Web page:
PRESS ADVISORY: May 24, 2018
FOR IMMEDIATE RELEASE
Urgyen Badheytsang: 4133108160 firstname.lastname@example.org
Dorjee Tseten: 6467533889 email@example.com
NEW YORK – Tibetans and local supporters – gathered en masse to call for the immediate and unconditional release of Tibetan shopkeeper and language advocate Tashi Wangchuk, who has been sentenced to five years in prison by Chinese authorities. Tashi stood trial in January of this year after two years of arbitrary detention by Chinese authorities for the New York Times’ documentary on his legal challenge to China on language policies affecting Tibetans.
Mr. Tashi, 33, was arrested in early 2016, two months after he was featured in a New York Times video and article about Tibetan language education. He stood trial in January this year, charged with “inciting separatism” for comments he had made to The Times.
The protests follow condemnations and expressions of concern by the E.U., Canada, France, and the U.S. among key world governments. At the Chinese Consulate, Tibetans flags and banners calling for ‘Free Tashi Wangchuk’ could be seen across the road from the entrance.
“By following China’s constitution and documenting the roadblocks he faced in bringing the government to court on language policies, Tashi has placed a magnifying glass on the absence of rule of law in China, and exposed China’s racist policies against Tibetans,”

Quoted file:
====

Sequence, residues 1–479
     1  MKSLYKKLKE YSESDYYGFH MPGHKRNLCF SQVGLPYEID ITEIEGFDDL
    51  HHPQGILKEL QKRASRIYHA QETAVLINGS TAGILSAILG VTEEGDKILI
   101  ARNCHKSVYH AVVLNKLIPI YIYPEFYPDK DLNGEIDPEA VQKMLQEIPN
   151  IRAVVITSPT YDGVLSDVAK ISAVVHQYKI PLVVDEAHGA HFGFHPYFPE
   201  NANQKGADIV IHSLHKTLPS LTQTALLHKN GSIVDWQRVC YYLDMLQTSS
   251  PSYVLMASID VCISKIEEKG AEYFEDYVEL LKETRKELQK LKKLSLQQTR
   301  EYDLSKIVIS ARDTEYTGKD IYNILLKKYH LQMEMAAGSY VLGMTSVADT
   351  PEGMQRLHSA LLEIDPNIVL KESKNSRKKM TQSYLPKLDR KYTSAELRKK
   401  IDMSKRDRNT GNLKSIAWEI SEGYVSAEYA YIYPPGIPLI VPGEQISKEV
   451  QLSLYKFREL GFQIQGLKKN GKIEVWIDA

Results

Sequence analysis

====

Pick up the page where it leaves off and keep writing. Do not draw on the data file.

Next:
said Dorjee Tseten, Executive Director of Students for a Free Tibet.
“We condemn China’s unjust sentence on Tashi Wangchuk, and call for his immediate and unconditional release. Tashi has not given up hope and neither have we.”
Ngawang Tharchin, President of the Regional Tibetan Youth Congress of New York and New Jersey, expressed his outrage at the result, saying,
“Tibetans are persecuted in so many ways, and today, we find that those who demand something as basic as protection for their mother language are being jailed.”
“China’s oppression only looks to get worse, and world leaders and the general public must step up to stop the decay of human rights and democracy worldwide thanks to China’s influence.”
Sonam Wangdu, Chairman of the U.S. Tibet Committee and one of the first Tibetan settlers in New York, expressed his dismay at Tashi’s sentence.
“Tashi Wangchuk’s campaign is for Tibetan language, but it also represents a campaign for the Tibetan people’s survival in today’s world under Chinese occupation,”
“Decades after Tiananmen Square, China has refused to abide by international human rights standards, imprisoning peaceful, law-abiding Tibetans and dissidents at will,”
The organizers are calling for an immediate and unconditional release of Tashi Wangchuk, and have a petition at sfthq.cc/TashiPetition for his appeal. Similar protests for Tashi Wangchuk are taking place and being planned in other cities around the world.